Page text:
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Previous Challenge Entry (Level 3 – Advanced)
Topic: Christian Baptism (10/18/07)

TITLE: Maggie's Triple Dunk
By Sheri Gordon


“So, Maggie, what is it you wanted to see me about?” Pastor Bob reached for a legal tablet and ballpoint pen, ready to scribble notes.

“I’m afraid my baptism didn’t take.”

“What, exactly, does that mean?” The previously poised pen slipped from Pastor Bob’s fingers as he peered over his bifocals at Maggie.

“You know … it didn’t count.”

Pastor Bob hastily bit the insides of his cheeks to suppress the smile begging to escape his pursed lips. Maggie stared at him with immense, pale blue eyes. Her intense look told Pastor Bob that she was serious, and he didn’t want to trivialize her distress with a misplaced grin.

“Why do you think your baptism didn’t … count?” Pastor Bob furrowed his eye brows, trying to visually match Maggie’s level of concern.

“Well, I was raised in the Church of the Brethren. Have you heard of it? It’s kinda like the Mennonites, or the Amish. Anyway …”

As Maggie paused to take a breath, Pastor Bob interjected a bit of church wisdom.

“Yes, I know of the Brethren. So you were a Dunkard, huh?”

“What?! Why would you think I was a drunk?! I don’t drink, and if you knew anything about the Brethren, you would know that they are teetotalers. I admit that I kinda like daiquiris -- strawberry daiquiris -- and those mud slide things, but that’s only because they taste like chocolate milk shakes, and I’ve only had a couple of those in my life. We never had alcohol in my house growing up … and we don’t have any in our house now.”

Pastor Bob worked hard to swallow the guffaws desperately struggling for freedom. “No, Maggie, I didn’t say drunkard, I said Dunkard.”

Maggie took a moment to assimilate Pastor Bob’s words. “Oh. I guess I gave you too much information then, huh? So, what’s a Dunkard?”

“A Dunkard refers to a member of the Church of the Brethren. The Brethren were called Dunkards because they practice triune immersion in baptism. You were immersed, or dunked, three times, right?”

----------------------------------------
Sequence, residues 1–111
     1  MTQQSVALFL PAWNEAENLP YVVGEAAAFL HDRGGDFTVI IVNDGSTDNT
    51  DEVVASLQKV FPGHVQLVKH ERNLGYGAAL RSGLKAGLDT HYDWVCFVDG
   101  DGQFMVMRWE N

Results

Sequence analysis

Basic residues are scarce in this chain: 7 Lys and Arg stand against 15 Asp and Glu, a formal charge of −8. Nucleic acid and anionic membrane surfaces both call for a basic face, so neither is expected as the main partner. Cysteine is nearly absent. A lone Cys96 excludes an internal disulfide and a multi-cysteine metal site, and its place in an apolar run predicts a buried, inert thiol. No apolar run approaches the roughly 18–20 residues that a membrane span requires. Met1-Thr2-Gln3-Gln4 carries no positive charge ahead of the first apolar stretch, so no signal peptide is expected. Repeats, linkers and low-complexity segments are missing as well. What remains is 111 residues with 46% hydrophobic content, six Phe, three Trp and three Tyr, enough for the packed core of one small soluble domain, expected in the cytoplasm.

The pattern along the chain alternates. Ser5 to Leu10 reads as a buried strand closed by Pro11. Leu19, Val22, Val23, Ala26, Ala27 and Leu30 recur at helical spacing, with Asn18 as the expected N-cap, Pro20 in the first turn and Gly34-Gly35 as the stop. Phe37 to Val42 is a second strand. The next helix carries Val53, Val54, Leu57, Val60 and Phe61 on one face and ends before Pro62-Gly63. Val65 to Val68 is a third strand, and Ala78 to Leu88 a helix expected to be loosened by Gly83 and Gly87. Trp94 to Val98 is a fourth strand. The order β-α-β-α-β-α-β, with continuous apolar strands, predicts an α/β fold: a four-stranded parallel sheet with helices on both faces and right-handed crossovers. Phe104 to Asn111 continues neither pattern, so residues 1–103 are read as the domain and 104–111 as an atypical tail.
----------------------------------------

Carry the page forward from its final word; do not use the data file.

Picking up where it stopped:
“Yep. I was dunked forward, not backwards like most churches do, and I was dunked three times -- once in the name of the Father, the Son, and the Holy Spirit.”

“No need to worry, Maggie, your baptism still counted, as you call it. The Bible isn’t completely clear about the baptism procedure. While there isn’t a specific passage to suggest that a person should be immersed three times, there also isn’t anything that specifically says the immersion should be just one time. So whether you were dunked three times or only once, it doesn’t mean that one way is right and the other is wrong.”

“That’s good to know, but that’s not what I was talking about. I figured I was covered triple since I was dunked three times.” Maggie laughed at her wit before continuing.

“Anyway … the reason I don’t think my baptism took is because I was baptized by a pastor who lost his pastor rights … you know, like being disbarred, or depastorized -- something like that. Anyway, he was having an affair with a woman in our church … they were both married … it was a smaller church … you can imagine the scandal. They tried to keep it from us kids … well, we weren’t really kids, we were teenagers, and you know how teenagers like to know everything, and make up what they don’t know, especially if it’s a juicy story. Anyway, that’s why I’m afraid my baptism didn’t take. I was baptized by a sinful man.”

Maggie blinked her tear-filled eyes, and looked innocently to Pastor Bob for reassurance.

“We were all baptized by a sinful person, Maggie. Romans 3:23 says, ‘all have sinned and fall short of the glory of God.’ Jesus commanded the disciples to ‘go and make disciples of all nations, baptizing them in the name of the Father and of the Son and of the Holy Spirit’ (Matt 28:16 NIV) – which might be where the Brethren get their idea for the triune immersion. Jesus gave this command, instructing his disciples to baptize others, knowing full well that his disciples were sinful men. So, if you accepted Christ as your Savior, and asked Him to be Lord of your life, then your baptism counted.”

Maggie exhaled audibly – relief momentarily enveloping her visibly tense body. Satisfied with Pastor Bob’s explanation, Maggie ventured to her next topic of concern. “Anyway … about communion …”

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This article has been read 935 times
Member Comments
Member Date
Jan Ackerson 10/25/07
Love the character of Maggie--she's such a sweetheart!
Seema Bagai 10/28/07
Great piece.

Save her thoughts in case communion comes up in another challenge.
Verna Cole Mitchell 10/28/07
You've presented a delightful character. The voice is wonderful.
Debi Derrick10/29/07
I love this; great story; great point well told and well made.
Peter Stone10/31/07
Great story and you dealt with a real issue. Even in the fourth century AD the Donatists went head to head with St Augustine regarding whether someone's baptism was invalidated if the priest conducting it was sinful or unrepentant. You presented the best answer - we all have sin, so that does not invalidate the experience.
Sara Harricharan 10/31/07
LOL! This is so fun and interesting to read. I liked the title and especially the MC, neat writing! ^_^
c clemons10/31/07
Love the title and the article, excellent writing infused with humor. I like humor so many of this week's stories have been very somber. Good job and very good writing skills.
Linda Roth11/07/07
This is good! I enjoyed the humor, the information I learn, and the appreciated the simple truth of Scripture as it was presented. Very well done!